I used to wonder why anyone would want a T-Shirt Quilt. Of course, I’d never seen one, didn’t own any t-shirts I’d care to immortalize, and wondered how you’d ever sew something so stretchy. Apparently there are still people out there with that old-fashioned view.
After making my first t-shirt quilt a few years back, I was hooked.
My friend Sarah said her father-in-law collected t-shirts that he acquired at car jamborees. Apparently he had dozens of them and she thought making some of them into a quilt would be a great present.
So she asked her mother-in-law to give her some of the t-shirts for a quilt, only to discover that her mother-in-law had finally decided there were too many so she’d gotten rid of a pile of them. Still, Sarah managed to scramble up eight shirts.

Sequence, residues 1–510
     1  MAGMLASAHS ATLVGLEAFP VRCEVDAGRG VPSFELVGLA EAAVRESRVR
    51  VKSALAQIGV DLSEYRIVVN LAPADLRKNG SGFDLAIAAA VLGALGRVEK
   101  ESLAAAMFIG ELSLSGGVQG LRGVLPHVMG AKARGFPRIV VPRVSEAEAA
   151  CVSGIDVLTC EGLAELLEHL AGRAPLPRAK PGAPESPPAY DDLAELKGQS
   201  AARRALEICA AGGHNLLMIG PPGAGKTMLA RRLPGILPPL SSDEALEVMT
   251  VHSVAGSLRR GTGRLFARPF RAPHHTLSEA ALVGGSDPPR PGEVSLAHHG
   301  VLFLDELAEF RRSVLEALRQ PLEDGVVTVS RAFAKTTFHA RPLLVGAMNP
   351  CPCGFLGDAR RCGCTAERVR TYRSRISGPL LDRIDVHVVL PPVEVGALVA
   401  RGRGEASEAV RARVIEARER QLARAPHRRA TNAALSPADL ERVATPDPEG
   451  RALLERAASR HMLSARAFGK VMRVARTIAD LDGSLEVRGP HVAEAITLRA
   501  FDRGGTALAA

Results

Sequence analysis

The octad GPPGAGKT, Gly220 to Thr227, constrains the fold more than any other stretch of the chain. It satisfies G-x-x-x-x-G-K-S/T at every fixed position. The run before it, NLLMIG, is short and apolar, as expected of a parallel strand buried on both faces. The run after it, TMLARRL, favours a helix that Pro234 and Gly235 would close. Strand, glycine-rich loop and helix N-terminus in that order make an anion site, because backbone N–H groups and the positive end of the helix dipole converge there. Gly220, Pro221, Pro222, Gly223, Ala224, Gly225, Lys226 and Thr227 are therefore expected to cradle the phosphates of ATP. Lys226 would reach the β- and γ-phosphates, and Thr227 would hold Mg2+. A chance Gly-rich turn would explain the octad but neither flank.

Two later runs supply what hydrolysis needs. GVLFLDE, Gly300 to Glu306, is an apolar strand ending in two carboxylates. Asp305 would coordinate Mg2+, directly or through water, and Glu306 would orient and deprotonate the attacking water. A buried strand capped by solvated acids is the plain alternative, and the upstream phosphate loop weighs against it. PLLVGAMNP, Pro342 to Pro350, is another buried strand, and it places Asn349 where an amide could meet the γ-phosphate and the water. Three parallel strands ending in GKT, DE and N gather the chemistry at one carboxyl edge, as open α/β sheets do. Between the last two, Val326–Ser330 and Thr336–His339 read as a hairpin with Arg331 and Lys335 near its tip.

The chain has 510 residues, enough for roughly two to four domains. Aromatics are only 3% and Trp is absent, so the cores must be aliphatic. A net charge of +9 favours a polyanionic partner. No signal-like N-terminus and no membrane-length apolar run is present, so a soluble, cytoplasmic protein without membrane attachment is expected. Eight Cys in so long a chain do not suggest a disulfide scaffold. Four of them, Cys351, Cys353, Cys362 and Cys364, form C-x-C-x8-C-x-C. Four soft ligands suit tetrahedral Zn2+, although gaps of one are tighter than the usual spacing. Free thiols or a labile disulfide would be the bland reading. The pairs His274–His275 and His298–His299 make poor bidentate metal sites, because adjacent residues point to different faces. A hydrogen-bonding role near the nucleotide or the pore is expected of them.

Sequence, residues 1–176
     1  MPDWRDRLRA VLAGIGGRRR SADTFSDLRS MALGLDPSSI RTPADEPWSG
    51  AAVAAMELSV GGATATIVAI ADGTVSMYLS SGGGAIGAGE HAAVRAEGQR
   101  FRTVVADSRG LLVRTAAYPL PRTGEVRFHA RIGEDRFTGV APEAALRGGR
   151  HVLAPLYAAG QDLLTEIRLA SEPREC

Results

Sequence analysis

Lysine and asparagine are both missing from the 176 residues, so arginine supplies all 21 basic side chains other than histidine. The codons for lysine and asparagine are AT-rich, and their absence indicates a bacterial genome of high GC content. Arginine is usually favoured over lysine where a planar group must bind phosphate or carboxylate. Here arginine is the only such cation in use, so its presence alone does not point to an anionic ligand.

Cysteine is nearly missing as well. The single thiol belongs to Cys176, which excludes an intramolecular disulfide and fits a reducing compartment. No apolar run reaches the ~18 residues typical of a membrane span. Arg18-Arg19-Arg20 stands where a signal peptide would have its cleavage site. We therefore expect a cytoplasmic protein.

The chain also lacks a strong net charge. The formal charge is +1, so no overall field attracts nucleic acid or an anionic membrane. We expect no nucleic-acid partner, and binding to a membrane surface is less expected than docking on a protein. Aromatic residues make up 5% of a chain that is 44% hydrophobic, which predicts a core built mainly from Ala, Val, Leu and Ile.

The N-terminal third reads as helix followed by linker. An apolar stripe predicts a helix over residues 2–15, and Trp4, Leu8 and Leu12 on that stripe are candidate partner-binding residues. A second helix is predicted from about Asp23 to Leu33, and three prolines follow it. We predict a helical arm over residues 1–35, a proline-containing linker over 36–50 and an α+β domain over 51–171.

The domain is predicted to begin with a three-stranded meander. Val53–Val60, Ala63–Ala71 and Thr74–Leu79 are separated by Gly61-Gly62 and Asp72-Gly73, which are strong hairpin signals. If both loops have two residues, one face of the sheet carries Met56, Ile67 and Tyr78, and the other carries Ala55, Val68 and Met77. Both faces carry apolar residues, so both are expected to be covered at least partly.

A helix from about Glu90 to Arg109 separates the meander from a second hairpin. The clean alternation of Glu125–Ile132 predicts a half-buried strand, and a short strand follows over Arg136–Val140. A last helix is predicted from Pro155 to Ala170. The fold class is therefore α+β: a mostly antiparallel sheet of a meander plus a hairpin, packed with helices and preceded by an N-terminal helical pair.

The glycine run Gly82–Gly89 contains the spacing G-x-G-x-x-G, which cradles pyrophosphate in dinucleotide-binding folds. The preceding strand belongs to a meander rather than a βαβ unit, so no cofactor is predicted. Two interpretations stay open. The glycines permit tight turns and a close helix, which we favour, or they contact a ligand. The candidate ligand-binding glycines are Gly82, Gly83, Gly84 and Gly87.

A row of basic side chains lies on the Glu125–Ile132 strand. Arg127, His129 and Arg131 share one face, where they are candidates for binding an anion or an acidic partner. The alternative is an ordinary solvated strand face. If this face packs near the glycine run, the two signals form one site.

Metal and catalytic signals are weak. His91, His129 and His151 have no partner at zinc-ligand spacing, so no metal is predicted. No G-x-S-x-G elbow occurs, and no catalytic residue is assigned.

After looking at them, I changed my mind about uninteresting t-shirts. These were colorful, interesting t-shirts that anyone would be proud to own and show off (even someone who had no interest in cars, I’d venture).
And I also discovered that almost any kind of iron-on (fusible) backing worked to tame the stretchy t-shirt cotton. I’ve tried a lot of fusibles since then and although I have my favorites, almost any kind will work.
So the quilt was made. I filled in for the missing t-shirts with blocks of complementary colors, which I really think made it even more interesting by showcasing each t-shirt.
Sarah said her father-in-law loved his quilt! Above, you can see him proudly displaying his quilt.
If that pile builds up again, I’d like to make him another quilt with lots and lots of his t-shirts.
Since then I’ve made half a dozen more t-shirts, but this first one still remains my favorite.